A major provision of the U.S. Affordable Care Act is scheduled to come into force in January 2014: from this date, health insurers will no longer be permitted to discriminate on the basis of health status. This means that individuals with pre-existing conditions cannot be denied coverage, the pre-existing condition itself must be covered and the insurer cannot charge a higher premium because of it.
The whole idea of insurance is based on the transfer of risk. A healthy person signs up for health insurance because he or she faces the risk of developing a condition requiring expensive medical treatment. But what risk is being transferred when a cancer patient signs up for insurance? That he will require expensive treatment is by then a certainty, and the prohibition on charging higher premiums ensures that he will always in effect be receiving subsidized care.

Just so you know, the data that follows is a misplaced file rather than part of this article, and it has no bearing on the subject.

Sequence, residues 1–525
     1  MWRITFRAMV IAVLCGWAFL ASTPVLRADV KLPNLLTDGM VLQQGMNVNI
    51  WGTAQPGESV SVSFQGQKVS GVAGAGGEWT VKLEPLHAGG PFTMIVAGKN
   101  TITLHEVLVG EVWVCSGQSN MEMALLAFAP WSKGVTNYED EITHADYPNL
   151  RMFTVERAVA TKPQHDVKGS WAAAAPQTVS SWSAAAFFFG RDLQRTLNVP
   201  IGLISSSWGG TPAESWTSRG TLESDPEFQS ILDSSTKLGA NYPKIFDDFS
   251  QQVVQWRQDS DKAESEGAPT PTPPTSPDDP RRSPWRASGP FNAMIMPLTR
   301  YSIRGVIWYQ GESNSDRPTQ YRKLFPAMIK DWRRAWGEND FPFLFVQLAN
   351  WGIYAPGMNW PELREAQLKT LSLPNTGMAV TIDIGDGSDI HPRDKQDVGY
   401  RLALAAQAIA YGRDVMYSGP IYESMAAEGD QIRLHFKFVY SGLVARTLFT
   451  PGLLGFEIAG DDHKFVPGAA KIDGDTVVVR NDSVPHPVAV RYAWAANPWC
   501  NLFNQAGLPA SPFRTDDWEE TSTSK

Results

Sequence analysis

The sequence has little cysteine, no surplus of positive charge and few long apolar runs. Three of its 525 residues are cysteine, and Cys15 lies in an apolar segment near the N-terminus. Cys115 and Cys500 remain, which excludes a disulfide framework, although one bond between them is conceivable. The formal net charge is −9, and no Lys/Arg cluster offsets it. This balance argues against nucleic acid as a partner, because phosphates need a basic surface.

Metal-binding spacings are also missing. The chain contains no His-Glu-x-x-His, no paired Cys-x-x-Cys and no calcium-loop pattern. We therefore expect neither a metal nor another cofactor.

This provision, by itself, would create a system in which no one would get insurance until they developed a serious problem. So the government, ever so eager to “solve” problems (of its own creation), decided to require everyone to purchase health insurance (the individual mandate provision).
Remarkably, while the individual mandate is by far the most unpopular provision in the ACA, the provision that guarantees coverage to people with pre-existing conditions is one of the most popular: even Republican legislators have steered clear of criticizing it.
In any case, the penalty for not holding insurance is so low that many young, healthy adults may prefer paying it to purchasing insurance they don’t need anyway. The end result is a classic case of adverse selection, where only sick old people buy insurance.
Obamacare is socialized medicine through the back door: by introducing even more senseless regulation in the already over-regulated health insurance market, it puts the whole system on a near-certain road to complete failure. But fear not: when that finally happens, the government will be there, as always, to solve the problem.